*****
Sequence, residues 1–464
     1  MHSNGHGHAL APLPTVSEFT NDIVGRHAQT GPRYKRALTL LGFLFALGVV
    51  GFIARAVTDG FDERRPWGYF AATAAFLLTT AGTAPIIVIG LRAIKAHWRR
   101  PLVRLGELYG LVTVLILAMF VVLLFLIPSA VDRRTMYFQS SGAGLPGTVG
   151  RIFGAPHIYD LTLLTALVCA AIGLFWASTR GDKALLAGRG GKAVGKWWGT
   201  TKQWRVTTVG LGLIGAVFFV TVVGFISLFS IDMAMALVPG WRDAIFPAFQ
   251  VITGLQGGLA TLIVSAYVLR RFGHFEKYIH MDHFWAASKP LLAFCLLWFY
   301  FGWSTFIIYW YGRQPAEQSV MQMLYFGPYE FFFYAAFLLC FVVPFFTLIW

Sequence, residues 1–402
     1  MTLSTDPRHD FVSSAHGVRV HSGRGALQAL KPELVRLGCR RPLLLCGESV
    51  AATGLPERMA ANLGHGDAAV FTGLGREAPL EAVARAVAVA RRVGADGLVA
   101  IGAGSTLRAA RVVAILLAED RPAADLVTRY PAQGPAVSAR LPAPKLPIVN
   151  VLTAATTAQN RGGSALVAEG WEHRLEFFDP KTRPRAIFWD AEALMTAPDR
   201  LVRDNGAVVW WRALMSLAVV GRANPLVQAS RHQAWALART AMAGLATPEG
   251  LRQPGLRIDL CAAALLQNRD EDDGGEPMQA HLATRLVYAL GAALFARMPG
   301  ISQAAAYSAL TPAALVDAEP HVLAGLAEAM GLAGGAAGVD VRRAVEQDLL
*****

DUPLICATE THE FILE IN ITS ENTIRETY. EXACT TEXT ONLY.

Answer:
Sequence, residues 1–464
     1  MHSNGHGHAL APLPTVSEFT NDIVGRHAQT GPRYKRALTL LGFLFALGVV
    51  GFIARAVTDG FDERRPWGYF AATAAFLLTT AGTAPIIVIG LRAIKAHWRR
   101  PLVRLGELYG LVTVLILAMF VVLLFLIPSA VDRRTMYFQS SGAGLPGTVG
   151  RIFGAPHIYD LTLLTALVCA AIGLFWASTR GDKALLAGRG GKAVGKWWGT
   201  TKQWRVTTVG LGLIGAVFFV TVVGFISLFS IDMAMALVPG WRDAIFPAFQ
   251  VITGLQGGLA TLIVSAYVLR RFGHFEKYIH MDHFWAASKP LLAFCLLWFY
   301  FGWSTFIIYW YGRQPAEQSV MQMLYFGPYE FFFYAAFLLC FVVPFFTLIW

Sequence, residues 1–402
     1  MTLSTDPRHD FVSSAHGVRV HSGRGALQAL KPELVRLGCR RPLLLCGESV
    51  AATGLPERMA ANLGHGDAAV FTGLGREAPL EAVARAVAVA RRVGADGLVA
   101  IGAGSTLRAA RVVAILLAED RPAADLVTRY PAQGPAVSAR LPAPKLPIVN
   151  VLTAATTAQN RGGSALVAEG WEHRLEFFDP KTRPRAIFWD AEALMTAPDR
   201  LVRDNGAVVW WRALMSLAVV GRANPLVQAS RHQAWALART AMAGLATPEG
   251  LRQPGLRIDL CAAALLQNRD EDDGGEPMQA HLATRLVYAL GAALFARMPG
   301  ISQAAAYSAL TPAALVDAEP HVLAGLAEAM GLAGGAAGVD VRRAVEQDLL